Imagine it: Groups of 20 children or more in an outside area. One adult.
Among the children are rambunctious 4-year-olds, unsteady 2-year-olds, children with anxieties on any given day and those with a range of behavioural, physical and emotional needs. One adult.
Examples sent to the Ministry of Education include five babies all day with one adult; 12 or more pre-schoolers with one adult; 19 toddlers with one adult.
As a registered early childhood teacher working as a reliever, I have seen these situations or been that one adult. It is deeply stressful. There is not enough care, there is no "education".
And yet it is argued to be legal and within existing regulations. How can this be?
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Regulation 44 schedule 2 states the minimum ratio is one adult to 10 children over 2 years of age, and one adult to five children under 2 years of age. It is accepted in the sector, these ratios are not quality, they are not even safe and not conducive to quality care by any measure.
Citing the need for some services to be "more flexible" with their staffing, the Ministry of Education introduced "across the license ratios" in 2011. This means teachers in their own room or space may find themselves with far too many children because enough staff are on the premises.
Those staff may be in meetings, in offices, or not even in the building, but the operator can still claim to be in ratio, because there are enough staff in relation to the number of children.
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Raising this with the ministry, I was told across-the-license ratios were purely a funding tool, and that Regulation 44 schedule 2 stood, so one teacher could not be in charge of more than five under-2-year-olds, and no more than 10 children between 2 and 5 or 6 years. I was told by another ministry official that misinterpreting this rule to leave teachers out of ratio was reportable. I have been assured on two further occasions in detailed emails, that Regulation 44 stands at all times.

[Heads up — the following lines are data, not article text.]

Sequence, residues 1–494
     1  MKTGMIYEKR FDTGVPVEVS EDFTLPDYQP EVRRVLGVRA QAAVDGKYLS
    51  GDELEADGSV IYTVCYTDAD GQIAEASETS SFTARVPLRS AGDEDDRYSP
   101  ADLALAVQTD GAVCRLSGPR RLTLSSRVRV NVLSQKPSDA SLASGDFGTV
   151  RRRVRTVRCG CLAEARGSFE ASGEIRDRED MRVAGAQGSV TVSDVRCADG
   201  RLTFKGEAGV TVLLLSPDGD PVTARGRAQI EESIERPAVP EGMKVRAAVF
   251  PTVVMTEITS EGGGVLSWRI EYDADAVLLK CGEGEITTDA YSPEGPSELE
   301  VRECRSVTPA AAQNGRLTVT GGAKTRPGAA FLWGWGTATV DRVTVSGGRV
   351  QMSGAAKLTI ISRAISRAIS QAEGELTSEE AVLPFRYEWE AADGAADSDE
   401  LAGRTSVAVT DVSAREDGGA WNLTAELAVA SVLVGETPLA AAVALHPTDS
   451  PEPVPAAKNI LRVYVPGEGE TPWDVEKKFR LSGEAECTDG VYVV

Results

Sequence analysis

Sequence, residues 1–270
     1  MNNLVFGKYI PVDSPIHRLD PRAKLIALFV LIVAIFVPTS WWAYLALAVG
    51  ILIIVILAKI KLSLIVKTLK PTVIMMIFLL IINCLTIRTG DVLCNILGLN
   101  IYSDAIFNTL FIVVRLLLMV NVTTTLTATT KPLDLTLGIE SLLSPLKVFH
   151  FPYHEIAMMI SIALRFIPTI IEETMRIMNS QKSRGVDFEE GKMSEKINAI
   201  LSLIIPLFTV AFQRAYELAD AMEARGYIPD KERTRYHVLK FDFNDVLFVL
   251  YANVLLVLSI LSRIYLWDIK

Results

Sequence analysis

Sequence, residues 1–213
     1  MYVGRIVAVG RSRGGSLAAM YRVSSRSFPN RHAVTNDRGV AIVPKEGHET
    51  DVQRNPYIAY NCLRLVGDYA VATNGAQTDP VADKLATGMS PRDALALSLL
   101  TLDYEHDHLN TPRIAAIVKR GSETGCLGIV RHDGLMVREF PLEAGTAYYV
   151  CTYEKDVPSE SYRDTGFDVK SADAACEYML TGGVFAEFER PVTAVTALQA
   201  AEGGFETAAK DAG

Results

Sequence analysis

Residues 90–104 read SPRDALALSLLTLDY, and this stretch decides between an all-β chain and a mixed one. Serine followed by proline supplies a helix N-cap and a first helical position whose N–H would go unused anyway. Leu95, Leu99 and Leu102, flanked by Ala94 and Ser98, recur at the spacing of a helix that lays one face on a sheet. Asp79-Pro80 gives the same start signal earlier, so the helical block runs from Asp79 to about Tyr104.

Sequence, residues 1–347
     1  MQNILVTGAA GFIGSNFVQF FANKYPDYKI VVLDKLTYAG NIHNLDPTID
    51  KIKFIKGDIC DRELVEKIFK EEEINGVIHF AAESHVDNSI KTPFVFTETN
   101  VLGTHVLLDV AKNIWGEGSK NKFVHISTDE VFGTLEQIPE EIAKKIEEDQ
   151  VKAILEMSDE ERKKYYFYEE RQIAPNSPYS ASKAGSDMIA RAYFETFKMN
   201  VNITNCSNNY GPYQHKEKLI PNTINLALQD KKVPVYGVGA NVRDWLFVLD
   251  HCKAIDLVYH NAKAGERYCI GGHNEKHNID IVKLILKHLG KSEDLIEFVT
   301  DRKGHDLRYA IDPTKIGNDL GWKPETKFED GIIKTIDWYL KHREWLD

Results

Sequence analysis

It does not protect parents. They do not imagine, based on the ministry's stated regulations, they are leaving their children in such unsafe conditions.
And yet, a senior manager in the Auckland office has disputed all of them. I was told ratios are indeed calculated across the license. In response to this, a Wellington manager has now stated this is "a grey area".
Effectively, Regulation 44 has been rendered obsolete, although it is still on the
What do teachers do? Many early childhood teachers are not taking their legally required breaks because they do not want to leave colleagues or children in dangerous positions, and are told by employers that the room can be out of ratio.
When I raised this apparent disparity, I was told by a senior ministry manager in the Auckland office the "across the license ratio" stood and the ministry had sought legal advice. Who does this legal advice protect? Only the ministry.
When parents leave their children at a childcare facility in New Zealand, they have every right to expect that service is adhering to government regulation ensuring safety and quality.
They should feel confident enough qualified teachers are in attendance and every child is receiving adequate care, good nutrition, quality education.
Legal advice on "across the licence ratios" was not sought to protect teachers who are already stressed, overworked, carrying various injuries as well as mild to severe depression and anxiety. In the event of a serious injury to a child, the teacher will live with it for the rest of his or her life.
It does not protect parents. They do not imagine, based on the ministry's stated regulations, they are leaving their children in such unsafe conditions. The public has the Ministry of Education Regulations (2008) which state the minimum ratios of 1:5 and 1:10.
Some operators claim to provide ratios much better than this minimum, but teachers tell me this is often a fiction. Is this false advertising actionable under the Consumer Guarantees Act?
The Minister of Education needs to act - to recognise the need to radically improve the regulations in early childhood settings.
The 10-year Strategic Plan in Early Childhood Education - including space, group sizes and noise, which are among the worst in the OECD - is being considered. An improvement in the attitude and performance of the public service needs to be added.
Our children, their whānau and their ECE teachers all deserve better.
• Susan Bates is an early childhood teacher and founder of Teachers Advocacy Group